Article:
Getting serious about downtown entrepreneurship

Don Macke at the Center for Rural Entrepreneurship just sent out a summary of takeaways from an Economic Development Survey undertaken by the National League of Cities and the International County/City Management Association (ICMA). 

The Center, an initiative of the Rural Policy Research Intsitiute (RUPRI)consistently puts out substantive resources for supporting entrepreneurial development.  Sign up here for their newsletter.

The summary aligns with our ongoing preparations for  “Cultivating and Entreprenurial Downtown,” the Virginia Main Street Toolkit training set for July 22 and 23 in Franklin. Here are Don’s takeaways:

1.  Too many communities do not really have an economic development strategy that they are aggressively supporting.

2.  The dominant focus of economic development is still business attraction and industrial development.  Serious support of entrepreneur-focused economic development is very limited.

3.   Economic development efforts continue to be fractured across local governments, chambers, development corporations, main street programs, tourism groups and the like.  Comprehensive and integrated efforts are still too rare despite the regionally-focused development seen in competing nations.

4.   There are exceptions and a growing number of communities that are very committed to economic development, investing aggressively and smartly, and beginning to really focus on entrepreneurs as a core strategy to grow their economies.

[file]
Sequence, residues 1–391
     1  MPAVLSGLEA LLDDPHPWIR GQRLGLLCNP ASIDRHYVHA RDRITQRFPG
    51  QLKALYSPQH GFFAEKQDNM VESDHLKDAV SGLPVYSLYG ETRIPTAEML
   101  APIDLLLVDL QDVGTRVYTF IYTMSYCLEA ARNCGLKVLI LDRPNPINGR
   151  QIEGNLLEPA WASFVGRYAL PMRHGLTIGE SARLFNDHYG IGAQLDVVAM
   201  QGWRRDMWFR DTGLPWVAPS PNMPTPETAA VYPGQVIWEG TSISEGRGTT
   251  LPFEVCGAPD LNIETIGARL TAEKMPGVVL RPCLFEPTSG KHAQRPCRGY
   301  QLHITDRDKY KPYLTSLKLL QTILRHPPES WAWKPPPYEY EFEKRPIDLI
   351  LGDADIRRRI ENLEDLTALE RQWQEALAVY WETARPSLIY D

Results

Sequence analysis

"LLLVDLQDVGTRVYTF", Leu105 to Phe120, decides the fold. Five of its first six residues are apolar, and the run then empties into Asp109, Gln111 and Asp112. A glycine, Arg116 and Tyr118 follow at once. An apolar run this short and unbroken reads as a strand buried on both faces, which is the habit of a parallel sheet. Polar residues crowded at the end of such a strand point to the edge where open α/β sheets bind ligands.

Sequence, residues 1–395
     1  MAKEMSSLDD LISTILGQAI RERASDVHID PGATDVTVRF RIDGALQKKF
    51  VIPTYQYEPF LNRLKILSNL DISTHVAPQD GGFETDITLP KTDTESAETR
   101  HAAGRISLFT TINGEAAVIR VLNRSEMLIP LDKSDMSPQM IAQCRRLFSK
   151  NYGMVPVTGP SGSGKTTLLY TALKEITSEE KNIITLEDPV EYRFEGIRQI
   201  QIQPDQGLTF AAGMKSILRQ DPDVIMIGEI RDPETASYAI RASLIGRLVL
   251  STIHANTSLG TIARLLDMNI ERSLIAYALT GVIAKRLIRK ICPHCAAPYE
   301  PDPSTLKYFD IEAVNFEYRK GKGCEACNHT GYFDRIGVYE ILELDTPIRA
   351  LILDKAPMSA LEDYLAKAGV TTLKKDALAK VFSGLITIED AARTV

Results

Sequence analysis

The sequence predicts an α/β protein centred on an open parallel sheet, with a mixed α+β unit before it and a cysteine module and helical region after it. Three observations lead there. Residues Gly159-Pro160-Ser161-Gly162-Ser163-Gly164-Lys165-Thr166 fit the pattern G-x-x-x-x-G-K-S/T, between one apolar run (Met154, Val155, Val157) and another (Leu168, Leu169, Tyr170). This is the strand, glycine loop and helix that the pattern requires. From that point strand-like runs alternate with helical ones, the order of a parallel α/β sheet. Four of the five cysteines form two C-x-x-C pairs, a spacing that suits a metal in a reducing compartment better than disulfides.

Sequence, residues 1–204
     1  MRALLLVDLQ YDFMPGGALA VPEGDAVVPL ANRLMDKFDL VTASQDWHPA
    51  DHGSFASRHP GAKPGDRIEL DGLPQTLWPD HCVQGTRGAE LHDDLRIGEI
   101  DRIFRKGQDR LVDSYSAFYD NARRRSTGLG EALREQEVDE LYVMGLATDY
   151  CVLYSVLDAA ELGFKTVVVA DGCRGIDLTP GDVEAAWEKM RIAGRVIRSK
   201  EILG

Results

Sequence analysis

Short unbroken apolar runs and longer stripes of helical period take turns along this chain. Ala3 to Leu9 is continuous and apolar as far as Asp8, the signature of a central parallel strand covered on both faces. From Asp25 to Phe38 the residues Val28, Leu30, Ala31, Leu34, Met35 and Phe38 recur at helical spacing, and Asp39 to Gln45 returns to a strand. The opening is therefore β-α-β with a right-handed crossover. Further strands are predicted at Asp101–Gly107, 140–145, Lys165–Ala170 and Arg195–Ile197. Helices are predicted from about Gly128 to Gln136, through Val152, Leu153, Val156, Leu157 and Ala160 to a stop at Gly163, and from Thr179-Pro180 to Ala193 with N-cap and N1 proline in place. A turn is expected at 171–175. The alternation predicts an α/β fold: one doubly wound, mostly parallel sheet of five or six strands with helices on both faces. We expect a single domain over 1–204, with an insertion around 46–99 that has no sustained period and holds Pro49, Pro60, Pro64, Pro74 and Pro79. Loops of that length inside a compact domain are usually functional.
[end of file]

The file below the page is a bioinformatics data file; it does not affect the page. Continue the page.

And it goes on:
There’s more to think about in the report, and at the July training, we’ll spend a day and a half addressing strategies that can help you make your community an exception.

Towns that build entrepreneurs

 
Economic restructuring in five Oklahoma towns built from existing assets to support entrepreneurial climates.

Economic restructuring in five Oklahoma towns built from existing assets to support entrepreneurial climates.

A recent Daily Yonder article was forwarded to the VMS Blog from the City of Martinsville, which is pulling together community investment in their central business district through the Uptown Partners project. 

 “The Town that Builds Entrepreneurs” uses data from Oklahoma communities to demonstrate the power of the Main Street economic restructuring approach: an incremental effort to build on existing assets while diversifying the business mix. The communities focused on quality of life, including the natural beauty that surrounds them, and they built from the industries that had shaped the towns. They even partnered across jurisdictional boundaries.

In Martinsville-Henry County, the community is pulling together to put a similar strategy to work using the unique assets of the area, such as its furniture-making history, cultural and arts assets, the New College Institute– an uptown educational resource, and the area’s potential for uptown housing.  

Martinsville’s Main Street program, Martinsville Uptown Revitalization Association (MURA), is one of the uptown partners working to foster a climate specifically conducive to entrepreneurs. Track the community’s progress at: www.uptownmville.com.